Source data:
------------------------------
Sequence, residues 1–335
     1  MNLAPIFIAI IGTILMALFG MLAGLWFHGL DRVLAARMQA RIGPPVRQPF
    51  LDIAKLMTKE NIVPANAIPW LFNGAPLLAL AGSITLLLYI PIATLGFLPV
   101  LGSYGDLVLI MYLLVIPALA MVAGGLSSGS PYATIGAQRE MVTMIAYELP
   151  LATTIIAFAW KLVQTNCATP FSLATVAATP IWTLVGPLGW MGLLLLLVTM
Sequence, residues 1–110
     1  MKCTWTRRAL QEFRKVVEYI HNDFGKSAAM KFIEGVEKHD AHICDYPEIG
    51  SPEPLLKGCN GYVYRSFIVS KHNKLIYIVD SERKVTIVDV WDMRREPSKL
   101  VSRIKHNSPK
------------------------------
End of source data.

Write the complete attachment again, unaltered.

Sequence, residues 1–335
     1  MNLAPIFIAI IGTILMALFG MLAGLWFHGL DRVLAARMQA RIGPPVRQPF
    51  LDIAKLMTKE NIVPANAIPW LFNGAPLLAL AGSITLLLYI PIATLGFLPV
   101  LGSYGDLVLI MYLLVIPALA MVAGGLSSGS PYATIGAQRE MVTMIAYELP
   151  LATTIIAFAW KLVQTNCATP FSLATVAATP IWTLVGPLGW MGLLLLLVTM
Sequence, residues 1–110
     1  MKCTWTRRAL QEFRKVVEYI HNDFGKSAAM KFIEGVEKHD AHICDYPEIG
    51  SPEPLLKGCN GYVYRSFIVS KHNKLIYIVD SERKVTIVDV WDMRREPSKL
   101  VSRIKHNSPK